(From Billboard magazine, US weekly, 8 November 1997.)

Kashmir: Symphonic Led Zeppelin

London Philharmonic Orchestra, Peter Scholes

PRODUCERS: Jaz Coleman, Youth

Point 454-145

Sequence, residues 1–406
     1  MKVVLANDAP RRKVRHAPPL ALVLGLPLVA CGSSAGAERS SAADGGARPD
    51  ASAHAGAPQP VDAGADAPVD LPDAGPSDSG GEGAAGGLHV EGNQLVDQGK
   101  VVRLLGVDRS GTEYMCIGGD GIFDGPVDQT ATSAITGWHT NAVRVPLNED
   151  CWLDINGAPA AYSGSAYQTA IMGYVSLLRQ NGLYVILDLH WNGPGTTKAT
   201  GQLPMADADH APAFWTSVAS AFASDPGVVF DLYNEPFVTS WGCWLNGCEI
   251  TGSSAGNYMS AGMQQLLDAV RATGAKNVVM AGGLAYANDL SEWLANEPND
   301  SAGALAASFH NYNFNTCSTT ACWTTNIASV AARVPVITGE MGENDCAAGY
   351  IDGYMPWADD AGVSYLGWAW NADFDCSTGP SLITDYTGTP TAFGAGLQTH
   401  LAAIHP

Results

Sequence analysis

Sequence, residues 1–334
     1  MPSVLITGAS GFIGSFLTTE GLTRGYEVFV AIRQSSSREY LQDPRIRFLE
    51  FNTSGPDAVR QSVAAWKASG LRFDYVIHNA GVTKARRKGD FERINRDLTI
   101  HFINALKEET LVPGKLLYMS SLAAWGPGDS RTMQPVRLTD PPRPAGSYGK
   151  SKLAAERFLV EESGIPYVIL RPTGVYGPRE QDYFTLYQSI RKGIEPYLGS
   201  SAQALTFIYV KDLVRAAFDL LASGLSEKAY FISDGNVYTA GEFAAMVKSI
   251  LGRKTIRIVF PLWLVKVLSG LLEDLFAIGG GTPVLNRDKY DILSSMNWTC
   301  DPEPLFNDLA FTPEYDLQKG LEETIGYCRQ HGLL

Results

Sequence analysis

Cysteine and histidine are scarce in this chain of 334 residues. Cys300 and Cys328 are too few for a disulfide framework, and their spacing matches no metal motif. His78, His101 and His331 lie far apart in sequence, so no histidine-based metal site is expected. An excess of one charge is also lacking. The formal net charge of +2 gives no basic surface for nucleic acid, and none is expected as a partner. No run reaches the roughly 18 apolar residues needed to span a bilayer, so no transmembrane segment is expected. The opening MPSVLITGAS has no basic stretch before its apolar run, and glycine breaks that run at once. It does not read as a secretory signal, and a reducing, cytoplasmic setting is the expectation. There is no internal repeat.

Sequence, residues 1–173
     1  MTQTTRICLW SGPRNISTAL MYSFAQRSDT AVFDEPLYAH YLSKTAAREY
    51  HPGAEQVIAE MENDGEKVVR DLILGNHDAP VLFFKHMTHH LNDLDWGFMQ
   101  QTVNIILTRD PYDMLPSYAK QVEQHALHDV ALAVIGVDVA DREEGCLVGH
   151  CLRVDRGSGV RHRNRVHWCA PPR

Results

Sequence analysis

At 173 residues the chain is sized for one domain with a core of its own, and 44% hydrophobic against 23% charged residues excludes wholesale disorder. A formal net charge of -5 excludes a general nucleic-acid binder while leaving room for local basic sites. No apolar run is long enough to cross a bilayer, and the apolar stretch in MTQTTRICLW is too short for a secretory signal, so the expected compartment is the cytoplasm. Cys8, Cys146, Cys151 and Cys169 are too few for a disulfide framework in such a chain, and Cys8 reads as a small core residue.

Symphonic treatments of famous rock tunes are cynical, cheesy projects doomed to failure. All except the work of one Jaz Coleman, that is. The classically trained front man for pioneering art-metal outfit Killing Joke is a crazy genius with this stuff--witness last year's huge artistic and commercial success "Symphonic Pink Floyd" and the sure-fire blockbuster "Kashmir: Symphonic Led Zeppelin." Coleman scored with the Pink Floyd disc by stressing the dark inner drama and ambient textures of the music. His grand take on Led Zeppelin is more traditionally idiomatic and extroverted yet just as inspired, emphasizing the disparate strains of Middle Eastern exoticism and Celtic pastoralism inherent in the band's compositions. The standouts are an eerie "Friends" and the powerful title track, but against all odds, "All My Love" and "Stairway To Heaven" also receive new, emotive leases on life thanks to Coleman's visionary arrangements. Sincere and vibrant, "Kashmir" is crossover with class.